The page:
The world’s oldest people make up an interesting club. These are people who have made it to 100 or beyond and have a lot to tell us about life, longevity and healthy aging. I especially like learning about the history their lives have covered. Here are a few profiles of the world’s oldest people.
Myrtle Jones, South Africa's Oldest Person (Age 111)
Myrtle Jones was South Africa’s oldest person when she died at age 111 (in 2009). She was born in 1897 in colonial Victoria and moved to South Africa in 1948. She had 27 grandchildren, 12 great-grandchildren and 7 great-great grandchildren. She loved to bake, never drove a car and lived independently until she was 109. Relatives talked about her sense of humor and good memory. She saw Halley’s Comet twice (in 1910 and 1986). Her advice, “An apple keeps the doctor away. An onion a day keeps the cold away.” She did not smoke or drink.
Buster Martin, world’s oldest marathon runner. Buster Martin was born in 1906 and was training for marathons in 2008 (at the age of 102). He worked until age 97, retired and got a new job after a few years because he was bored in retirement. When he ran a half-marathon (at a record age) he finished in just over 5 hours (including a stop for a beer and a cigarette).
Methuselah is reported, in the Bible, to have lived 969 years. That is a rather extraordinary claim and would easily make Methuselah the longest lived person ever. Is there any truth to the 969 year claim? I won’t get into it, but there are a few theories that try to explain that number including some who think that people were counting months instead of years (making Methuselah 80 instead of 969) and that things (including God-granted longevity) were just different in Biblical times.
Beatrise Farve - Second Oldest Person (age 113)
Beatrice Farve held the title of “second oldest person in the world when she died in 2008 at the age of 113. She had lived in the same house since she was 21 (that’s 92 years). Her daughter described her as a “soft, smiling lady” who was healthy her whole life. She lived in Georgia, USA, and was selling beauty products at age 100. Known as “Mama B” she never took any medications and had no known health conditions. Her philosophy, according to her grandson, was “work hard and eat a good breakfast.” In her case, the breakfast consisted of fried bananas and bacon, daily.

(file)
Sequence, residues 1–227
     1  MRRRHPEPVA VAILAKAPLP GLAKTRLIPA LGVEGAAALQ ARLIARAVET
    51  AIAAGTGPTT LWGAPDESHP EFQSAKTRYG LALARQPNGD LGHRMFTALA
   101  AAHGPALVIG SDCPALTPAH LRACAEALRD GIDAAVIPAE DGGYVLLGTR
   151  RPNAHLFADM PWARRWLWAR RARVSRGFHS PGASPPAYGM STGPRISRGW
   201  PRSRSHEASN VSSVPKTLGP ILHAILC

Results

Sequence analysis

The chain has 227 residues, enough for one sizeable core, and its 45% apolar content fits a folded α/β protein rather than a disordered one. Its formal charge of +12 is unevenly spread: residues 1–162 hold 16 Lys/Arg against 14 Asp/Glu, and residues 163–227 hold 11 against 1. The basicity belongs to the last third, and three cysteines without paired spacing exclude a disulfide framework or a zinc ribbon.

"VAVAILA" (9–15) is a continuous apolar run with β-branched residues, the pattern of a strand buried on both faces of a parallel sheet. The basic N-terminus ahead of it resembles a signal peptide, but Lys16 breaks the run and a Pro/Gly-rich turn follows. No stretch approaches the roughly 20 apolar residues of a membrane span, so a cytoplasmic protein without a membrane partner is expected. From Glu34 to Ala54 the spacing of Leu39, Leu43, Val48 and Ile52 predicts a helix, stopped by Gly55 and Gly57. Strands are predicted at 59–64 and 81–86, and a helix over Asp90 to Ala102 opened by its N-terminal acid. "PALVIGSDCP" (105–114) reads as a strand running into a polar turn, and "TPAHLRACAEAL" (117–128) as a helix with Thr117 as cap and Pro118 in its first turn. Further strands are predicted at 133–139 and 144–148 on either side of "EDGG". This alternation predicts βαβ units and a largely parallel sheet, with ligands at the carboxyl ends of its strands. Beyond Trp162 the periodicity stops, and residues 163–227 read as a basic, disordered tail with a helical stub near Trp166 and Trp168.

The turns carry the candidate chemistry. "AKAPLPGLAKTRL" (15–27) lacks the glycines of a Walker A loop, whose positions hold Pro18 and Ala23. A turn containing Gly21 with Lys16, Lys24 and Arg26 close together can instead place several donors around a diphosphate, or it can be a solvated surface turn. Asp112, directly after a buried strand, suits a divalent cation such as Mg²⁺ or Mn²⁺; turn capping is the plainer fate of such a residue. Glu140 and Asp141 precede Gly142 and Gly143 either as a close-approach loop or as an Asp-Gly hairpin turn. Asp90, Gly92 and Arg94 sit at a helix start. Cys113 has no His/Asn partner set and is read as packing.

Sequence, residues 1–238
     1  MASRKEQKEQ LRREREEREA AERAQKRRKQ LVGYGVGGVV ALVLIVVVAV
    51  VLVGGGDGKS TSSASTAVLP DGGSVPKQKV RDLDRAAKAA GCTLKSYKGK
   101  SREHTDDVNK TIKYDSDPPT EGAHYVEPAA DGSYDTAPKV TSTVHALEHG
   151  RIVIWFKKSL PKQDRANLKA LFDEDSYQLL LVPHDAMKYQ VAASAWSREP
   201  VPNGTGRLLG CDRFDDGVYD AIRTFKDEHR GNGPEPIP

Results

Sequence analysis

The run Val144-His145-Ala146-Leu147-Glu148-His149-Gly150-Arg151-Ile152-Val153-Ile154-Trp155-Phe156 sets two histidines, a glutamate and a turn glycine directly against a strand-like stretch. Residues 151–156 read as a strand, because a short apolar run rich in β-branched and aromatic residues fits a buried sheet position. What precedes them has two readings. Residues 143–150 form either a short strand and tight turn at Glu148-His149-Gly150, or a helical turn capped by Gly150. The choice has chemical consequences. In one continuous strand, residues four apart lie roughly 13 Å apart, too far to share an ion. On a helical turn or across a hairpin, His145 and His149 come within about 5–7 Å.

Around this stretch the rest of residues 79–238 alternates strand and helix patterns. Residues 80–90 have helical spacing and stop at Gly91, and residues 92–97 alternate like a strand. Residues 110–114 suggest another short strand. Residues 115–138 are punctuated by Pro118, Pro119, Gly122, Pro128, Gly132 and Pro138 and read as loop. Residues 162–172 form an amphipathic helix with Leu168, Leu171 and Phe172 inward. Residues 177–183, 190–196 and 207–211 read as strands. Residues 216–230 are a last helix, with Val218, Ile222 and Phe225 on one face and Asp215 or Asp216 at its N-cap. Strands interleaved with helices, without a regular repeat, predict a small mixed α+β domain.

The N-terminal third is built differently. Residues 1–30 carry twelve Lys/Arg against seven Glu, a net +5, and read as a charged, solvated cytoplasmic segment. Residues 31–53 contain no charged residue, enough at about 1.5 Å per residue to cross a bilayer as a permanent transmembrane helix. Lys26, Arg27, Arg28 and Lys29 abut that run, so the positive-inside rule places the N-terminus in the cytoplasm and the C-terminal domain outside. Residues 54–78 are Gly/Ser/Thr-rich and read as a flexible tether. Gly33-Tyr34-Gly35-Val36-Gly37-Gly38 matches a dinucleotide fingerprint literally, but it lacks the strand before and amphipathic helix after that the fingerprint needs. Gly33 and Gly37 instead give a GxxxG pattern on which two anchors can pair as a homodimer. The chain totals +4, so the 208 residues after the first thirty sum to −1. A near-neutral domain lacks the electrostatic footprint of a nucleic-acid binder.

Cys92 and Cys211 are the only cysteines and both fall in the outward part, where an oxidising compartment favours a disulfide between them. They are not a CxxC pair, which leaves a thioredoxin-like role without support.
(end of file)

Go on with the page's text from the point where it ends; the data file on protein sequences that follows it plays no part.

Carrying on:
(Source: The Sun Herald
Maria de Jesus - World's Oldest Person (age 115)
Maria de Jesus held the title of “world’s oldest person” in 2009 with an age of 115. She lived in Portugal and was born in 1893. She grew up poor and lost sight in one eye as a child. She worked in the fields at age 12, never learned to read (so much for the education – life expectancy link). At 57, she was widowed (and remained so for 58 more years). She has 6 children, 11 grandchildren and 16 great-grandchildren. She was never sick and was not taking any medication.
(Source: LA Times
Euphemia Cameron - Scotish Centenarian
Euphemia Cameron turned 100 in 2009. She lives in Dumfries, Scotland. She was a signaler during World War II as a member of the Woman’s Auxiliary Air Force (WAAF). She celebrated her 100th birthday by being pampered at the salon and says her longevity secret is “I just like to keep active. I don’t like to sit about, I keep myself busy. I don’t know what a hobby is – I’m far too busy!”
(Source: Dumfries and Galloway Standard
Gertrude Baines - World's Oldest Person (age 114 and counting)
Gertrude Baines is the current holder of the “world’s oldest person” title. She lives in Los Angeles in the United States. She was born in 1894. She voted for Barack Obama (see a video of her voting
). She looks fantastic for 114 (in the video) and nothing like what you would expect for a 114 year old.
Jeanne Calment, world’s oldest person. The oldest person to have ever lived (as far as verifiable documentation goes) was Jeanne Calment, of France. She lived to the age of 122 and died in 1997.
Dr. Frank Verhoek - Oldest Living U.S. Rhodes Scholar
Dr. Verhoek turned 100 and is thought to be the U.S's oldest living Rhodes Scholar. He was born in 1909 in Michigan, graduated from Harvard and proceed to get a Masters and PhD in chemistry from the University of Wisconsin and a doctorate from Trinity College, Oxford (he was a Rhodes Scholar there from 1933-1936). He was a professor in chemistry at Ohio State and consulted with many corporations. His research focused on the rates of chemical decomposition but he saw himself as a teacher (source: The Newark Advocate
May Wyatt - 107 and Taking It "Day by Day"
Possibly the oldest (or almost oldest) person living in British Columbia, May Watt was bron in 1902 and remembers coming to Canada at age 6 on a steamship. Her health was good until age 106 when she broke her leg and has been using a wheelchair since then. She is at least 7 years older than the next oldest person at her care facility. Her only advice: "Take it day by day" (source: CTV News
Yuichiro Miura - Climbing Everest at Age 75 (according to Guiness)
A Japenese man, Yuichiro Miura, claims to be the oldest person ever to climb Mt. Everest. Mr. Miura has suffered from 2 heart surgeries. There is some controversy, however. Two days before Yucihiro Miura's feat, a Nepalese man, Min Bahadur Sherchan (age 77) climbed to the top of Everest, but did not submit the proper documents to Guiness to claim the title. Mr. Miura admits that he is not really the oldest, but (in his opinion) the record (whether 75 or 77) will be broken again soon anyway (source: Daily Times
Virginia Call - 111 or 115?
Chicagoan Virginia Call passed away on February 11, 2009. Her family claims she was 115 years old and records show her as 111 (really, who keeps track after 105 anyway?). If she, indeed, was 115 she would join about 89 people in the world who have made it that long (and have been properly documented). Regardless, Ms. Call lived a remarkable and long life (source: Chicago Breaking News